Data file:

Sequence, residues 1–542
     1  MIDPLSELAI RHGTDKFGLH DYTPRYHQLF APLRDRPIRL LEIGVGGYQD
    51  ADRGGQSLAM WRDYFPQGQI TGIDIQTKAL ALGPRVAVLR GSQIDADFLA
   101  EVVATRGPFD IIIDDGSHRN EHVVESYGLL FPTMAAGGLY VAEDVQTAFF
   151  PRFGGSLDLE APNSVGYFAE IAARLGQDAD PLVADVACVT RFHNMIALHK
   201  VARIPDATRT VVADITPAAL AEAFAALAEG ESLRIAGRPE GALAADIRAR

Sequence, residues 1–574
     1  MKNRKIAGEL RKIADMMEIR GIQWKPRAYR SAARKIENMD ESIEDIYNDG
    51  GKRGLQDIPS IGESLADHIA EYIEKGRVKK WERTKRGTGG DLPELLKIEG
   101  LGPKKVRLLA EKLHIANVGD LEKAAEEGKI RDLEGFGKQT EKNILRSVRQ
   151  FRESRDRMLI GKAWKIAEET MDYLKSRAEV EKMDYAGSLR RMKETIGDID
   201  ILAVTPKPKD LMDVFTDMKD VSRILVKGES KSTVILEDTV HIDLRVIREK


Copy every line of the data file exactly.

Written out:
Sequence, residues 1–542
     1  MIDPLSELAI RHGTDKFGLH DYTPRYHQLF APLRDRPIRL LEIGVGGYQD
    51  ADRGGQSLAM WRDYFPQGQI TGIDIQTKAL ALGPRVAVLR GSQIDADFLA
   101  EVVATRGPFD IIIDDGSHRN EHVVESYGLL FPTMAAGGLY VAEDVQTAFF
   151  PRFGGSLDLE APNSVGYFAE IAARLGQDAD PLVADVACVT RFHNMIALHK
   201  VARIPDATRT VVADITPAAL AEAFAALAEG ESLRIAGRPE GALAADIRAR

Sequence, residues 1–574
     1  MKNRKIAGEL RKIADMMEIR GIQWKPRAYR SAARKIENMD ESIEDIYNDG
    51  GKRGLQDIPS IGESLADHIA EYIEKGRVKK WERTKRGTGG DLPELLKIEG
   101  LGPKKVRLLA EKLHIANVGD LEKAAEEGKI RDLEGFGKQT EKNILRSVRQ
   151  FRESRDRMLI GKAWKIAEET MDYLKSRAEV EKMDYAGSLR RMKETIGDID
   201  ILAVTPKPKD LMDVFTDMKD VSRILVKGES KSTVILEDTV HIDLRVIREK